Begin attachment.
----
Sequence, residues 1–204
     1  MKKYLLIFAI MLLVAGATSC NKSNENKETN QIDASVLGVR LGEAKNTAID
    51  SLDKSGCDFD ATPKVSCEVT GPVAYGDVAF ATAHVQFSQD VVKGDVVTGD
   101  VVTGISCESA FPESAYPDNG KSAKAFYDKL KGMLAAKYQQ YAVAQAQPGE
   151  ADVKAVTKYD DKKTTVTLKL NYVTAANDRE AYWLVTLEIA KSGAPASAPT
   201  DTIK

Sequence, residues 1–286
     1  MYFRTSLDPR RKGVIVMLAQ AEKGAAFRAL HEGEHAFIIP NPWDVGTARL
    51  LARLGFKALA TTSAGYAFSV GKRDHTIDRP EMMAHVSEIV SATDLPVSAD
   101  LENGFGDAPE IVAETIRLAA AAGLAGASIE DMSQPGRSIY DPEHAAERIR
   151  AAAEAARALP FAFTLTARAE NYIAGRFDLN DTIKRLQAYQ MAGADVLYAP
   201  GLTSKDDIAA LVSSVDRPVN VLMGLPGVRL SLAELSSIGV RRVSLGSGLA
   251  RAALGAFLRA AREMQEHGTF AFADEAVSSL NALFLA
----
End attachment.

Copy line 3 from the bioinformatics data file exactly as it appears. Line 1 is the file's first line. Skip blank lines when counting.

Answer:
    51  SLDKSGCDFD ATPKVSCEVT GPVAYGDVAF ATAHVQFSQD VVKGDVVTGD